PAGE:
• Define your shape. Baggy makes you look bigger; Kurkova belts looser clothes under her stomach or beneath her breasts.
  • Don't cover up. Bare skin is sensual; you don't have to be shy about exposing great legs or lovely arms.
  • Think colorfully. Consider deep, rich shades—they're more flattering than brights or metallics.
  • Borrow his stuff. Kurkova likes to go out for dinner in black leggings, a white shirt of her boyfriend's, and a tuxedo jacket.

Lauren Zalaznick in O, the Oprah Magazine

Lauren Zalaznick, TV executive

This tuxedo dress—great over leggings or opaque hose—reflects Zalaznick's preference for neutral shades and sculptural shapes. At 46, the president of NBC Universal Women and Lifestyle Entertainment Networks believes that dress-up clothes shouldn't stray too far from your everyday wardrobe. "My basic colors are gray and off-white," she says. "My evening look is a shinier version—metallic or satin—of that palette."

If you're long-waisted...
  • Sharpen color contrasts. Break up the length of your body with a stark pairing, like black and white.
  • Relocate the waist. The dress narrows to a deep vee just above her natural waist, then flares out, creating a whole new silhouette.
  • Think big. Architectural construction—defined shoulders; sculptured-looking ruffles—won't swamp a tall, lean figure.
  • Play up the legs. Let them be seen.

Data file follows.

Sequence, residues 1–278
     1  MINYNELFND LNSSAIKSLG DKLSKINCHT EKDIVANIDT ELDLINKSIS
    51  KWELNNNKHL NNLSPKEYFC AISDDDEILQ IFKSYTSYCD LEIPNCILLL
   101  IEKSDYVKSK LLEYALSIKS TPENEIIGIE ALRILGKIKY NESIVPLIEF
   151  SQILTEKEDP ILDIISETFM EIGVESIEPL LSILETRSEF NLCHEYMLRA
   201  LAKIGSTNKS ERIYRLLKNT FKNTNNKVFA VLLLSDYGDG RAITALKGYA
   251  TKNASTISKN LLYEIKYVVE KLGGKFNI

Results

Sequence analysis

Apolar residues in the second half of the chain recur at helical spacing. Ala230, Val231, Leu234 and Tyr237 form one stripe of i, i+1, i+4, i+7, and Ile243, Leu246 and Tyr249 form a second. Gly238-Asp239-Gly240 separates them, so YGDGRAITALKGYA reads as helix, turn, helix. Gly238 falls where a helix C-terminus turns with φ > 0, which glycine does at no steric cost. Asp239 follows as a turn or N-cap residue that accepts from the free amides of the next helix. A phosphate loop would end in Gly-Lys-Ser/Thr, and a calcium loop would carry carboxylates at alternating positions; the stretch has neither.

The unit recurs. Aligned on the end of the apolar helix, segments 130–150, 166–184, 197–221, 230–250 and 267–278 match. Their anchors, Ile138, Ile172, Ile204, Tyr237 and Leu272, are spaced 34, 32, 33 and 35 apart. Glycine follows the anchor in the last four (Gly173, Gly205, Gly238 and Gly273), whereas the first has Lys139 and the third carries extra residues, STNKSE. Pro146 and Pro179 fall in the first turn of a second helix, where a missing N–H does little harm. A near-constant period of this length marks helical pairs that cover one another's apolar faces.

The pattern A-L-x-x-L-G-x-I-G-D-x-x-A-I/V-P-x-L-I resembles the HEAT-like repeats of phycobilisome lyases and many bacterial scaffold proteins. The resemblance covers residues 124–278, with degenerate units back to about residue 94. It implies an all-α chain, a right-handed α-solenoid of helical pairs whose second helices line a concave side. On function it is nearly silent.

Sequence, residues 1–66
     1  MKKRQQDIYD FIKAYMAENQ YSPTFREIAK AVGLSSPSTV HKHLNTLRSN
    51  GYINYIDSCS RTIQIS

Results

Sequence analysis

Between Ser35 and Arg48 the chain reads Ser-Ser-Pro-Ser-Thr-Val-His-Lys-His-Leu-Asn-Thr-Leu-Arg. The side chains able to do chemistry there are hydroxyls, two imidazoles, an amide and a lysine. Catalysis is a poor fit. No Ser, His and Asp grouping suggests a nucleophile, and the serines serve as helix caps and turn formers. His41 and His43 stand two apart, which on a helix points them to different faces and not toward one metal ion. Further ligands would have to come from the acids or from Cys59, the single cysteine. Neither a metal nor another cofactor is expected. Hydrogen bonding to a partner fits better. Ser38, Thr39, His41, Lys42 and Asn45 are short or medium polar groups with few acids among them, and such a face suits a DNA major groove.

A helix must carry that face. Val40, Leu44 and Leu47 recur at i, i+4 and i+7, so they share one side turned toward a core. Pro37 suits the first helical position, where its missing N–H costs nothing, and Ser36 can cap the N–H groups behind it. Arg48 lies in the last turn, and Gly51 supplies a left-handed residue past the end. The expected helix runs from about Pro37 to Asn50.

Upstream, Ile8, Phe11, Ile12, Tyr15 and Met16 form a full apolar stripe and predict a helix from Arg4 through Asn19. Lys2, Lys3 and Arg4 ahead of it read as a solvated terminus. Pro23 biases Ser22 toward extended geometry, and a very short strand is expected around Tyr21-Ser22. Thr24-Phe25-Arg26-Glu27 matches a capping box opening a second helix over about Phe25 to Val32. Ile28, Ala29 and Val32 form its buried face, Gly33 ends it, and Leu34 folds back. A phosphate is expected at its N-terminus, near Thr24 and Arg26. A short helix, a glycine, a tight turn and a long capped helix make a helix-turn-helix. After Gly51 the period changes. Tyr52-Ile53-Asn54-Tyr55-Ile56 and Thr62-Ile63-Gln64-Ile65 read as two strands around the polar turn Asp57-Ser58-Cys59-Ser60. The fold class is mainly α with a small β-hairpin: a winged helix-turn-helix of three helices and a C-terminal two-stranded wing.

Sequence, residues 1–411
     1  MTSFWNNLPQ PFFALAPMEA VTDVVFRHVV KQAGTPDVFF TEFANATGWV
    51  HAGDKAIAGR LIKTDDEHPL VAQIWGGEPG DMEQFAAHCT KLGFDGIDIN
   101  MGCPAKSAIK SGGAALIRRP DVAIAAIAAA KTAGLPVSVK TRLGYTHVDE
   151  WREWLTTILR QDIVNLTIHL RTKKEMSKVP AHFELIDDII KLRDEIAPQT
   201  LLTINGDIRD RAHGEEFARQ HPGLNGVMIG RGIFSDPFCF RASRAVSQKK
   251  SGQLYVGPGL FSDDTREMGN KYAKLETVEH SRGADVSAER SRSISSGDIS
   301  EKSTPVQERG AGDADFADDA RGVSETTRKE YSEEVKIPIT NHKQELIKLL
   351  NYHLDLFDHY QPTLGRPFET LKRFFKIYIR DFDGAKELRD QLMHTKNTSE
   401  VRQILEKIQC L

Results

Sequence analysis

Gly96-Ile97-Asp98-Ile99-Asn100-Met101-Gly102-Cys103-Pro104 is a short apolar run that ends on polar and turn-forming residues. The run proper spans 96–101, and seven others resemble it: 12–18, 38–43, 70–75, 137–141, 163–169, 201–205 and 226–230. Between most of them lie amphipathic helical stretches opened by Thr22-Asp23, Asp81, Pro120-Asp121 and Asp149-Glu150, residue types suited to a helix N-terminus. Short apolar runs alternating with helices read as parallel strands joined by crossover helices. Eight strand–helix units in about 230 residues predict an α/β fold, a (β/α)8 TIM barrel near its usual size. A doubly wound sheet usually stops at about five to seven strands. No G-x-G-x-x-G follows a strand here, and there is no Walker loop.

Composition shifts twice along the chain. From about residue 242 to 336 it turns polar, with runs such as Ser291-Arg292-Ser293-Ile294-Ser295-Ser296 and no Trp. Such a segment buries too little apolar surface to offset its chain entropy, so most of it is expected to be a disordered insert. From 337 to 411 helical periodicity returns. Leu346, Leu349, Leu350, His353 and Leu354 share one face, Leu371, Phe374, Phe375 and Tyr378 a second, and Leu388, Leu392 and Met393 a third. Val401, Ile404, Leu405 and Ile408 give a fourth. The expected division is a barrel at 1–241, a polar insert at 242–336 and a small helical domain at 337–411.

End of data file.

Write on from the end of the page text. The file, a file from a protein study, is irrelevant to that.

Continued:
• Go for bold jewels. Delicate accessories disappear on a stretched-out body. Instead, think cocktail rings or chunky, extravagant bracelets.

More: Jackets and suits that won't fall short, plus tops and sweaters with length to spare
Gabourey Sidibe in O, the Oprah Magazine

Gabourey Sidibe, actress

Sidibe, 26, the breakout star of Precious, the acclaimed indie film about an abused Harlem teenager, is discovering the difficulties of dressing for the red carpet. "There are not a lot of options for girls my size," she says. But this gorgeous dress and arm-camouflaging sequin capelet are youthful, chic and slimming. "I feel sexy in clothes that cup me at the bust, then fly out," says Sidibe.

If you're full-figured...
  • Draw the eye up. A show of skin at the neck or chest shifts the focus from body to face.
  • Support yourself. Invest in a good bra with convertible straps (so you can wear it invisibly under a variety of necklines).
  • Keep it simple. Eschew ruffles and frills, which add bulk.
  • Stay in the black. We're not saying zero color, but deeper, darker tones take off pounds.
  • Layer lightly. A coat or jacket will make you look bigger; a capelet or shawl offers equally good coverage without tacking on inches.

More: The best (affordable) brands for larger sizes
Kristin Chenoweth in O, the Oprah Magazine

Kristin Chenoweth, actress and singer